I was a rookie teacher and had no confidence – so I came to London
“I was told I’d love it here and no account to book a return flight. Of course I didn’t listen and had to cancel it a few weeks later!”
Kimberley Poon, a supply teacher in London with Prospero Teaching, writes about making the big move from Australia to England to teach, and why braving the journey to the other side of the world – despite dubious encouragement from some of her friends – was worth it.
“Wow, you’re going to London!”
“If you can teach in London. you can teach anywhere.”
What would a translation app have made of my colleagues’ good wishes? “You’re crazy! You’ll be eaten alive by British kids.” Thanks, guys!
It was a fair point, though. Why was I leaving Australia straight after graduation to put myself at the mercy of the English education system – something I knew almost nothing about?
My last term at university in Melbourne had been a tough one for personal reasons. And in the education faculty, our heads had been filled with warnings about the near-impossibility of achieving a work-life balance in teaching. Burn-out was the risk, we were repeatedly warned: “Sixty per cent of you won’t make it beyond five years in teaching.”
I’d dreamed of being teacher since I was 13; it was all I had ever wanted to do. And I just knew that I was a prime candidate for burn-out. I would give it my all because, temperamentally, I didn’t know how not to.
I was in line for two full-time teaching jobs back home but decided half-way through my interviews that the right way into the profession for me was to work part-time as a supply teacher.
I needed to take it gently and start by boosting my confidence so I had more faith in my own abilities before I took the plunge in a full-time post.
By chance, I found a flier for a British-based teacher recruitment agency and got in touch. And I know I simply wouldn’t have come to the UK without Paddy, the recruitment consultant they teamed me up with in London.
I can get pretty anxious and at this point I was still dithering about whether or not it was a good idea to come to Britain.
Eventually, with much encouragement and calming of nerves from Patrick, I decided to come over – for three months. Patrick said I’d love it here and told me on no account to book a return flight. Of course I didn’t listen and had to cancel it a few weeks later!
So here I was in London, faced with the prospect of my first teaching post. I was still not feeling at all confident in my abilities – I had only just finished my teacher training, after all, and my final school placement in my last term hadn’t gone particularly well and had shaken what self-belief I had.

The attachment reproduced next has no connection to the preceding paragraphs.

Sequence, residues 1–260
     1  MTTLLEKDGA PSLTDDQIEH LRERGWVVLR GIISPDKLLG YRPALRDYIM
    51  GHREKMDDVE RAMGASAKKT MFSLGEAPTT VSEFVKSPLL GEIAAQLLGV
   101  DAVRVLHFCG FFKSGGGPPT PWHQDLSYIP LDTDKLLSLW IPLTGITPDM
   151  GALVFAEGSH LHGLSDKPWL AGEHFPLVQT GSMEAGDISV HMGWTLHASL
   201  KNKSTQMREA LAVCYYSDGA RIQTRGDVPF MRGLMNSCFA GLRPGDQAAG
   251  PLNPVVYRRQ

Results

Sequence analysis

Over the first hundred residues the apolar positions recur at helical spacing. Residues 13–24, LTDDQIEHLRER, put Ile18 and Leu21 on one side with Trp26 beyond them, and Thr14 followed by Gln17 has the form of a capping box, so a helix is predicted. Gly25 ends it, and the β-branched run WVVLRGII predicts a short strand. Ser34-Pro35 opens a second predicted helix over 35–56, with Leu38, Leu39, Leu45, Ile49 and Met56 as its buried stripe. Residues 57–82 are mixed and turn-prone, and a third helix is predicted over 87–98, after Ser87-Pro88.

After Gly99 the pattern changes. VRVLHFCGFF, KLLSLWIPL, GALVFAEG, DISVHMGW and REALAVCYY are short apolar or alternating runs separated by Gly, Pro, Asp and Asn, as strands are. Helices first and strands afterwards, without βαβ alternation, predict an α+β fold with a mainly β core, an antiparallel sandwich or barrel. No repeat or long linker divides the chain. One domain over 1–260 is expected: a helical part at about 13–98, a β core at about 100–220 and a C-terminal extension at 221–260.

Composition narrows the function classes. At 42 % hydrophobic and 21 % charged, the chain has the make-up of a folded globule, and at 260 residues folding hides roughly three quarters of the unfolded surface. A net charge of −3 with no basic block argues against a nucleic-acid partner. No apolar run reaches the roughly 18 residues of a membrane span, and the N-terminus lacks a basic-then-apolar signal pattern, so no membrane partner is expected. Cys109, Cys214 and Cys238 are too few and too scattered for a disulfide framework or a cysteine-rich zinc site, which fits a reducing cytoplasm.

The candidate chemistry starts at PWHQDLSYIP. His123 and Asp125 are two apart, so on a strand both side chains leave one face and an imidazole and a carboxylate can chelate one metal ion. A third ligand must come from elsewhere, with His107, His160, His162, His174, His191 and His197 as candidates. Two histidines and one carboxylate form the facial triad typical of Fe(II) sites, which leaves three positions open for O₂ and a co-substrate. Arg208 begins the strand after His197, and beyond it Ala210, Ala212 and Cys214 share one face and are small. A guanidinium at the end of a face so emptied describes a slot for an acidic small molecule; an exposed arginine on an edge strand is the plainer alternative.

But straight away in London, I was already experiencing a new sense of independence and personal growth. Back home I lived with my family; here I was an adult building a new life in an unfamiliar city.
And I think London schools are incredible. It’s quite a shock being in such a complex culture, with so many accents to get used to. At home, the area I come from is not very diverse, so this is a new – and exciting – experience for me.
“At home, the area I come from is not very diverse, so this is a new – and exciting – experience for me”
And the range of school types in Britain is so different to Australia. I have taught in public schools (which are actually fee-paying and not free at all), free schools (part of the state sector but free of local authority control), academies (similar to free schools) and Church of England schools. It has been so interesting to see all the different ways teachers plan their classes and the approaches they take.
And as I acquired so much new experience in such contrasting types of school in a very short space of time, I began to find my feet.
Gradually, I began to feel I was missing out on the continuity of seeing the kids through the learning process. So for the last half term I’ve been doing a job share at a school where I’ve been doing supply cover for a while. And I’m working the rest of the week, too, in supply roles.
With the teacher over-supply situation at home getting worse, a lot of my friends have still not got jobs whereas here there’s as much work as I want.
Some of my friends in Australia are doing supply teaching. But, unlike me, their work isn’t guaranteed. In London, once I’ve said which days I’m available, the agency finds me work – or pays me off. It’s a win-win situation.
I’ve made life-long friends among other Aussies in London working for the same agency. We hang out together a lot. The agency let five of us take time off together to do a tour of the Baltic and Russia. It was fantastic.
So, having cancelled my flight home, I’ve been in the UK for two years. And I want more of it. I’m now looking for ways to stay on here. Any ideas?